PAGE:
Fractionalization and the Fight over Natural Resources: Ethnicity, language, religion, and the onset of civil war
We use three different measures of fractionalization (with varying potential for members of one fraction to “mendaciously” pass for a member of another) to revisit the correlation between natural resources and the onset of conflict. The combination of ethnic fractionalization and resource wealth seems to translate into a greater risk of war, but the same is not true for linguistic and religious fractionalization. This is consistent with the “greed hypothesis” as a driver of conflict. However, we also find that the direct effect of resource wealth tends to attenuate the risk of war, and the net effect of resources on conflict is ambiguous.
|Date of creation:||2009|
|Contact details of provider:|| Postal: Manor Road, Oxford, OX1 3UQ|
Web page: http://www.oxcarre.ox.ac.uk/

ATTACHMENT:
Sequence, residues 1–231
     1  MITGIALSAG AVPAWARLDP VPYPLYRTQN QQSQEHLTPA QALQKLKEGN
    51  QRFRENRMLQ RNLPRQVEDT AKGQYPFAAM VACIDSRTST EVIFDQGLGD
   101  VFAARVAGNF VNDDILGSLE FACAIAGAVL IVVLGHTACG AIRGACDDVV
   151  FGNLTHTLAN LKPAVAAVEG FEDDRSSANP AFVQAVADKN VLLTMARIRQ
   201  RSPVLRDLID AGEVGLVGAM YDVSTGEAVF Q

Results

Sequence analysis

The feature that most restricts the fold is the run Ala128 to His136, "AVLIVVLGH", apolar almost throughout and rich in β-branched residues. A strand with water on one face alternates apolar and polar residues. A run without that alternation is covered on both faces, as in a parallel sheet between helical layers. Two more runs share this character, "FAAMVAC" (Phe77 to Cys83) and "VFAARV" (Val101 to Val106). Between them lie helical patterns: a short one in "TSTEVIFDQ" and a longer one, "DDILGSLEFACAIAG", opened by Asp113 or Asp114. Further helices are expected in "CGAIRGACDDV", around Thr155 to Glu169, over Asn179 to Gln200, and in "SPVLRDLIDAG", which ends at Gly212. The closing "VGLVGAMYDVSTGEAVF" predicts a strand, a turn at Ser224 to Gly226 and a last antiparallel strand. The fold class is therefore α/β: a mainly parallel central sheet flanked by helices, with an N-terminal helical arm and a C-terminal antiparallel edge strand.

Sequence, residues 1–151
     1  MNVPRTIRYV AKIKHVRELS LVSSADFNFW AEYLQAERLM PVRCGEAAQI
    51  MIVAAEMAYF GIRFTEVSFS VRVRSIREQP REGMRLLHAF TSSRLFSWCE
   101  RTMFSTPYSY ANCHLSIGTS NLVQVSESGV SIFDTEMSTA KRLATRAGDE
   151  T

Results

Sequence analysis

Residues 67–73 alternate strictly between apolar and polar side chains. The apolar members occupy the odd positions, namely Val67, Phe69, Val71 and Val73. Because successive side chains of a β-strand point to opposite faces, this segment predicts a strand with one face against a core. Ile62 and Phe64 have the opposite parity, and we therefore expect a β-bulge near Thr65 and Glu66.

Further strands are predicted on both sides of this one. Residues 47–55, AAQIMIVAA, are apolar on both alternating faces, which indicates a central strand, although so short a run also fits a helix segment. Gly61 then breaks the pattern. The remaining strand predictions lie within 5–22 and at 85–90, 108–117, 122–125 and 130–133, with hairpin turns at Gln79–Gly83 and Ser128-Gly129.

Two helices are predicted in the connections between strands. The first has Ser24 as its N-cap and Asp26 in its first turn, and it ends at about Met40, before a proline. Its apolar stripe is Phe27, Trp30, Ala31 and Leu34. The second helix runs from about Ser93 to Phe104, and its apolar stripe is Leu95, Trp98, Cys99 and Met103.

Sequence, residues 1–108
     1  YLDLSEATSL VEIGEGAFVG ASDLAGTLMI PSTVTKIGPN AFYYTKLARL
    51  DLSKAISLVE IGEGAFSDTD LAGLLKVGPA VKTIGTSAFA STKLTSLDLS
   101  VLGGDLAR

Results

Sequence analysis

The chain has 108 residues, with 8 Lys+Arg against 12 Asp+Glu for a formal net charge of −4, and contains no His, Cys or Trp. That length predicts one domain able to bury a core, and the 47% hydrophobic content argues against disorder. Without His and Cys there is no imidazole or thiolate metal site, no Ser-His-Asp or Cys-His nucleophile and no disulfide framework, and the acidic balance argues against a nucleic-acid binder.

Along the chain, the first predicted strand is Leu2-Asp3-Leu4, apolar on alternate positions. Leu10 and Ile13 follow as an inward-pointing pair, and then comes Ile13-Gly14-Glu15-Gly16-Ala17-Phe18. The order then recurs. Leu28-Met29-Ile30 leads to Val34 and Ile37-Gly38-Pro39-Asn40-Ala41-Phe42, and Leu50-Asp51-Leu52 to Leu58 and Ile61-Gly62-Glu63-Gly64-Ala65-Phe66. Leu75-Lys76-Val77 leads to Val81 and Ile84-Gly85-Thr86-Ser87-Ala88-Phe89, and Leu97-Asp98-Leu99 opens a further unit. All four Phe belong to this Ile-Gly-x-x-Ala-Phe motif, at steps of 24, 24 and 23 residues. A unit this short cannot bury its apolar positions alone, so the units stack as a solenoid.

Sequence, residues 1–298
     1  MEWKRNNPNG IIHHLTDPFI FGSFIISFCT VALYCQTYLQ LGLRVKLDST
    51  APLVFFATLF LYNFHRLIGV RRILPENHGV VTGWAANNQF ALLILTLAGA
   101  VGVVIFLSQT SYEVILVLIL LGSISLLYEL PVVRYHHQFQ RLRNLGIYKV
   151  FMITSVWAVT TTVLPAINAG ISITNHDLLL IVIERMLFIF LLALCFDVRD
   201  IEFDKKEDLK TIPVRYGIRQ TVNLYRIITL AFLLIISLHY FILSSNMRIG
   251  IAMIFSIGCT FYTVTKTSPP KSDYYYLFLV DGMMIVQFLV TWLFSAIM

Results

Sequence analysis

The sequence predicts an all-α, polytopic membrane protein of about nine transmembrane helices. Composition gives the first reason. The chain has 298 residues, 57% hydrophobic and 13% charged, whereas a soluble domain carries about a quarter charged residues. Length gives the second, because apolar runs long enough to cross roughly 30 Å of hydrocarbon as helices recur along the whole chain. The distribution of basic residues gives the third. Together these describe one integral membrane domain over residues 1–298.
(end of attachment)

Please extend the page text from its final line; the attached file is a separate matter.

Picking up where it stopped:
More information through EDIRC
References listed on IDEAS
Please report citation or reference errors to , or , if you are the registered author of the cited work, log in to your RePEc Author Service profile, click on "citations" and make appropriate adjustments.:
- Habyarimana, James P. & Humphreys, Macartan & Posner, Daniel N. & Weinstein, Jeremy, 2006. "Why Does Ethnic Diversity Undermine Public Goods Provision? An Experimental Approach," IZA Discussion Papers 2272, Institute for the Study of Labor (IZA).
When requesting a correction, please mention this item's handle: RePEc:oxf:oxcrwp:017. See general information about how to correct material in RePEc.
For technical questions regarding this item, or to correct its authors, title, abstract, bibliographic or download information, contact: (Celia Kingham)
If references are entirely missing, you can add them using this form.